Newgate News

Of all the animals of prey, man is the only sociable one.
Every one of us preys upon his neighbour, and yet we herd together.
The Beggar's Opera: John Gay

Tuesday, 26 February 2013

The final playlist

This week has presented the fascinating task of playing 'Desert Island Discs' on someone else's behalf, albeit in rather sombre circumstances.

I am, frankly, amazed at the variety of pre-recorded musical accompaniment available for one's last journey - as well as being somewhat baffled at some of the options on offer.

The local crematorium has thoughtfully provided an online catalogue of all the tracks they can play for you. All the usual suspects are there; classical greats and plenty of hymns and sacred music.

So far, so spiritual, but then we come to some odder choices, all of which genuinely feature on the list. One could understand a good film score - after all the work of Vaughan Williams or Maurice Jarre is no less significant for having been attached to moving pictures - but what about TV themes?

There have been some stirring ones, certainly, but would you really want to meet your maker to the accompaniment of the theme from 'Deal or No Deal' or 'Countryfile', let alone the 30-second burst from 'Countdown'? Meanwhile, sporting tastes are catered for with 'Match of the Day', the Wimbledon theme and Channel 4 racing, among others, though, under the circumstances, I assume it would be considered bad form to clap along with the music from the 'Horse of the Year Show'.

And, while one can understand and admire the fighting spirit with which those left behind might choose 'Another One Bites the Dust' or 'Bat out of Hell', it's hard to imagine why someone would wish to be remembered for having the Wurzels' 'Combine Harvester' or Benny Hill's theme as a final goodbye.

And then there's the real puzzles, not least among which is Frankie Laine's 'Jezebel' or Chas'n'Dave's immortal classic, 'Rabbit'; "You won't stop talking, Why don't you give it a rest?", and you really have to wonder about anyone who would be seen to their final repose to the strains of a Rabelaisian offering from the Antipodes entitled 'Mick, the Master Farter'.

In fact, those looking for a light-hearted experience are very well catered for, particularly if they happen to be of a cockney persuasion; it would be possible to conduct a service based on 'Lily the Pink', 'A Luverly Bunch of Coconuts' and 'Knees Up Mother Brown', ending up with a rousing rendition of the 'Hokey Cokey', while Northerners are also catered for with 'When I'm Cleaning Windows' and 'My Little Stick of Blackpool Rock'.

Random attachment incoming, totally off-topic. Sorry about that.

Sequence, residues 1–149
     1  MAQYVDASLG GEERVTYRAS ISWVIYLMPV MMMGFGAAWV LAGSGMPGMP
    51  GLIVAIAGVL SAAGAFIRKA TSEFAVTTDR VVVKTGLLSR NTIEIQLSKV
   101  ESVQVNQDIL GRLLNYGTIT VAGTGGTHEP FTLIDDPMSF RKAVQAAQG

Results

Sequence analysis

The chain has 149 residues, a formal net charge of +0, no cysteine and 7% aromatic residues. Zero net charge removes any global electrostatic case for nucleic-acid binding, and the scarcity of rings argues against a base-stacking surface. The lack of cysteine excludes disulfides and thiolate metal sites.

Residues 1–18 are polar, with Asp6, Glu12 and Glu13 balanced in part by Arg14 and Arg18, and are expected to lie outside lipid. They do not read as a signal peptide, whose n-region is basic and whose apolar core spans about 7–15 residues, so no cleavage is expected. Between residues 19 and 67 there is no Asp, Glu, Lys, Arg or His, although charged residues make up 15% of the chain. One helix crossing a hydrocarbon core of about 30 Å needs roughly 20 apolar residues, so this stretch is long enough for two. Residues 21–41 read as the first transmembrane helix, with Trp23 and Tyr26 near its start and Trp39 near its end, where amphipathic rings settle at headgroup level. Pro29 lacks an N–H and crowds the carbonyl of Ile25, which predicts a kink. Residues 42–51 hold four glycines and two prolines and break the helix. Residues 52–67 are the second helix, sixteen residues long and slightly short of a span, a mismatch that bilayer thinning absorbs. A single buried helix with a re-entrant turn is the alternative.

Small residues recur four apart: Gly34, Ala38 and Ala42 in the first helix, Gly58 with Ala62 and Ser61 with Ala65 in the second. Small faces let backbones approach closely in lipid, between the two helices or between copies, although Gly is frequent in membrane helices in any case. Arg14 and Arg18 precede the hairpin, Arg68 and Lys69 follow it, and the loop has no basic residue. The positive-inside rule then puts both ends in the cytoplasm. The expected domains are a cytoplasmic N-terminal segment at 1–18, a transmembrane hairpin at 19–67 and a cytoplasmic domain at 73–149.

All in all, it's been an enlightening experience and provides some much-needed comic relief from an otherwise solemn business, not least in wondering just how some of the more egregious selections made it onto the list - is the driving force supply or demand?*

And if the latter, what sort of person, I wonder, first approached the crematorium and asked that their loved one should vanish to the accompaniment of  'Great Balls of Fire'.


*Update: I asked them; it turns out that if you have a special request, they will find it for you and add it to the list. Odd as it may seem, someone has specifically asked for all of the tracks listed above.

9 comments:

A K Haart said...

For my father we had Laurel and Hardy singing "The Trail Of The Lonesome Pine".

He was an L&H fan and everyone said how surprisingly fitting it sounded. Fortunately there were no slapstick moments.

Macheath said...

AKH, a fine choice; it sounds like the sort of thing that would strike just the right warm and personal note.

We've opted for some Big Band classics, which got me thinking; given the abundant choice of such music on today's list to cater for those who enjoyed that era, will relatives fifty years hence be offered a wide-ranging nostalgic choice of rap, hip-hop and grunge?

Meanwhile, I woke up in the middle of the night with a worry. The pieces are in strictly alphabetical order - what if the input is one digit out and Artie Shaw's swing classic 'Stardust' is replaced by the theme from 'Star Wars'?

Rightwinggit said...

"Light my fire"
by The Doors.

Macheath said...

Rightwinggit; yep, that's there too - along with a Shirley Bassey version for good measure.

Demetrius said...

Max Bygraves? Guy Mitchell? Marie Lloyd?

Macheath said...

Demetrius, noooo! Not again!

James Higham said...

I am, frankly, amazed at the variety of pre-recorded musical accompaniment available for one's last journey - as well as being somewhat baffled at some of the options on offer.

The local crematorium has thoughtfully provided an online catalogue of all the tracks they can play for you. All the usual suspects are there; classical greats and plenty of hymns and sacred music.

Oh yes - beautiful.

Joe Public said...

If only they hadn't included the incestuous expletive, "The End" by the Doors would be appropriate for many.

At over 7 minutes long, no doubt many mourners would wish it would.

Macheath said...

JH, it was quite a shock to find the chapel has no organ - though I understand there is a keyboard in a side office. Everything's prerecorded these days - karaoke style.

JP, it's there all the same; in fact the relevant section runs thus:

THE DRINKING SONG (THE STUDENT PRINCE) Mario Lanza
THE DRUGS DON'T WORK The Verve
THE ELEMENTS Tom Lehrer
THE END The Doors

As eclectic a selection as you could wish for, I think you'll agree...